It’s a vision thing: the case for a far-sighted approach to stem cell research

Stem cells have successfully been transplanted to restore sight. BWJones

In 2002, the Australian federal Parliament passed two Acts to regulate human embryo and stem cell research.

The Prohibition of Human Cloning Act banned practices that people seemed to be most worried about, like “reproductive cloning” to breed identical people, creating half-human half-animal hybrids, and selling human sperm, eggs and embryos.

These are all still crimes with heavy penalties.

The second piece of legislation – The Research Involving Human Embryos Act – permitted research on human embryos donated from IVF programs (which would otherwise have to be destroyed), provided the researcher has a licence and reports openly on the research.

This licence-based research has assisted infertile couples to have children and produced human stem cells for use in other research.

In 2005, the Lockhart Committee reviewed the two Acts and recommended the legislation should be maintained but also allow human embryos to be formed for research by somatic cell nuclear transfer (SCNT) (though not by fertilisation). In 2006, the legislation was amended as the Committee recommended.

Since 2005, there have been many developments with “adult” stem cell research. In Australia, a patient’s own stem cells have been transplanted to the cornea to restore sight. In the UK, a patient’s diseased windpipe was replaced with one grown from her own stem cells.

There have also been developments with embryo research. Australian researchers were the first in the world to study Huntington’s disease in human embryonic stem cells (hESCs).

In the US, a human retina was created from human embryonic stem cells; and the first clinical trial recently started to treat patients with severe spinal injury with human embryonic stem cells.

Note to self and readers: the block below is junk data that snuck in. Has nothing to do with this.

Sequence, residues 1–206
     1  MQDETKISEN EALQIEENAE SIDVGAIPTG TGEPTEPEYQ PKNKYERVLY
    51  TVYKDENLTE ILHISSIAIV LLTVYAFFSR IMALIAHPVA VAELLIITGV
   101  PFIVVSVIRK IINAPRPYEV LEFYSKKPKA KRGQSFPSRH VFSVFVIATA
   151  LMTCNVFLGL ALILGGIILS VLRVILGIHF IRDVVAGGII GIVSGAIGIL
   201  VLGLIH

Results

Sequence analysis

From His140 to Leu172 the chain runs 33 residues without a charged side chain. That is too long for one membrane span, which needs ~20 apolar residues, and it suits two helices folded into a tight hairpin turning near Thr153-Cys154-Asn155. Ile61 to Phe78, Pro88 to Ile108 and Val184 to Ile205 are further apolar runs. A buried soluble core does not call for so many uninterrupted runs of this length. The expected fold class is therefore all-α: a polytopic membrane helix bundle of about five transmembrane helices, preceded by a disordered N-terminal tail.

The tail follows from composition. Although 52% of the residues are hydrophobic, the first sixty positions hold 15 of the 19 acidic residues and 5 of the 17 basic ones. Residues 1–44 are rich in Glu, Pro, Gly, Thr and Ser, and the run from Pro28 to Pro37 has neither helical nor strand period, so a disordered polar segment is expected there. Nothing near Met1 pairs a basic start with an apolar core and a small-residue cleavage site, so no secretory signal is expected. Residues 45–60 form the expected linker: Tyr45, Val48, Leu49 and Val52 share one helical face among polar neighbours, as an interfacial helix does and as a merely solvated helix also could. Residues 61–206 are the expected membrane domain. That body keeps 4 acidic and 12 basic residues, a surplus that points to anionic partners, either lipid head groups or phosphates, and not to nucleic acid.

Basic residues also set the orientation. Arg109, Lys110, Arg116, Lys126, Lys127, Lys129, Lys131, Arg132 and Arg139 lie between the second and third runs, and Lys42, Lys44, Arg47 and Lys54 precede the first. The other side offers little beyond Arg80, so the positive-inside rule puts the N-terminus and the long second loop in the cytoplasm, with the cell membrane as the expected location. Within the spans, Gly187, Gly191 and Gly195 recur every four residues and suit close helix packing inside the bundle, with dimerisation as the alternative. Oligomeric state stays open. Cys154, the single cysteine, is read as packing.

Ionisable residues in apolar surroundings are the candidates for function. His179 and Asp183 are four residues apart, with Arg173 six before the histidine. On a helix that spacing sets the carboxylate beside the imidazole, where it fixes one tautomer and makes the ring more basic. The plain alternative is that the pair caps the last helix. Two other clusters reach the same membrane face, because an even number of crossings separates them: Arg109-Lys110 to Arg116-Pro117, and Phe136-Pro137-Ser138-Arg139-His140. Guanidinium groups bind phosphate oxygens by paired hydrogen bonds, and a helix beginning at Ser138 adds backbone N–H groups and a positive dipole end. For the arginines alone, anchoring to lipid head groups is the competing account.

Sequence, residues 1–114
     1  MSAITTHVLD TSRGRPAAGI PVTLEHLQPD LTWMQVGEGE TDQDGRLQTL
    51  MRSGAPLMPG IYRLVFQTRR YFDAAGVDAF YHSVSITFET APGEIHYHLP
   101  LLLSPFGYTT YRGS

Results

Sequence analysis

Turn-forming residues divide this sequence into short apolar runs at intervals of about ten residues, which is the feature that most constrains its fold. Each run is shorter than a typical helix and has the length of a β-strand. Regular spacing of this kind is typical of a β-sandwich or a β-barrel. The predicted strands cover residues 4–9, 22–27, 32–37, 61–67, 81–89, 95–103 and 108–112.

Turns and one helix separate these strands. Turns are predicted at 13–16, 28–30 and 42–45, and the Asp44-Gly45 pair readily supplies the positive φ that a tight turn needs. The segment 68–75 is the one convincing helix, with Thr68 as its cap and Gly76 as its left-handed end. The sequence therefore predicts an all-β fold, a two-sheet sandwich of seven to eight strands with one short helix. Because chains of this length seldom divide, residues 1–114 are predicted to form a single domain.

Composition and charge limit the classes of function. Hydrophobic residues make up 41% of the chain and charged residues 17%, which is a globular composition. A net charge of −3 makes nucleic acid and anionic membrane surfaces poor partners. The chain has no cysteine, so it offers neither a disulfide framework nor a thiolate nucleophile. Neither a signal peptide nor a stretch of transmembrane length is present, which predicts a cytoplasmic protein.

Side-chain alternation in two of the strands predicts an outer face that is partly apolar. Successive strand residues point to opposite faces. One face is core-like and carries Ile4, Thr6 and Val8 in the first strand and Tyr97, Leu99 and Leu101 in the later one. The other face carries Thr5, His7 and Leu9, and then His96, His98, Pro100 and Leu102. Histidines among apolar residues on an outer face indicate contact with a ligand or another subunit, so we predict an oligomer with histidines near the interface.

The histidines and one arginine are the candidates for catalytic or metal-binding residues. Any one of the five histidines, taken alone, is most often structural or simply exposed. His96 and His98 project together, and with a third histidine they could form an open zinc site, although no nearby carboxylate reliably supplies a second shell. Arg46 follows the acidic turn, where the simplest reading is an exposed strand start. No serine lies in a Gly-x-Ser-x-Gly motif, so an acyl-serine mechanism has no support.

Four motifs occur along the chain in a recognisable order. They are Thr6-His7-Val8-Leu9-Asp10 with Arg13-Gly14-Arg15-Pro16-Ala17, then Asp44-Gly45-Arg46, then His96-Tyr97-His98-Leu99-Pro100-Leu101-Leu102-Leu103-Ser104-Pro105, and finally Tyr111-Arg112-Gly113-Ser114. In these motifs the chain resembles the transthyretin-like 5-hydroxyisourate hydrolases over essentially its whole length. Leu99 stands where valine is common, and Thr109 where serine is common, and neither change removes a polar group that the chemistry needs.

Some laws have been changed in other countries to assist embryo research. New York State now permits federal funds to be used to pay women who donate eggs for research. And in the UK, the law allows scientists to use animal eggs to incubate a human nucleus to produce stem cells for research

Pluripotent human stem cells have now been derived without embryos (IPS cells) – in other words, embryonic stem cells can now be made without the embryos.

In 2011, the Heerey Committee reviewed the federal legislation again after consulting stakeholders and the wider community. Its report has been delivered to the Minister but it is yet to be publicly released.

So there have been exciting developments in human stem cell research, both with adult stem cells and also embryonic stem cells.

Most embryonic stem cells used in research to date have come from embryos donated from fertility treatment programs but there are still reasons to create embryos for research to obtain tissue-matched cells.

These are issues for ongoing community discussion.


Loane Skene is a panelist on today’s University of Melbourne’s Festival of Ideas event, The Genetic Revolution III: Legal, Ethical and Moral Dimensions. The Festival of Ideas runs until 18 June.

See our other Festival of Ideas coverage:

Determined to be different: what we do changes the wiring of our genes by keynote speaker Matt Ridley

We’ve cracked the genetic code, now what? by David Weisbrot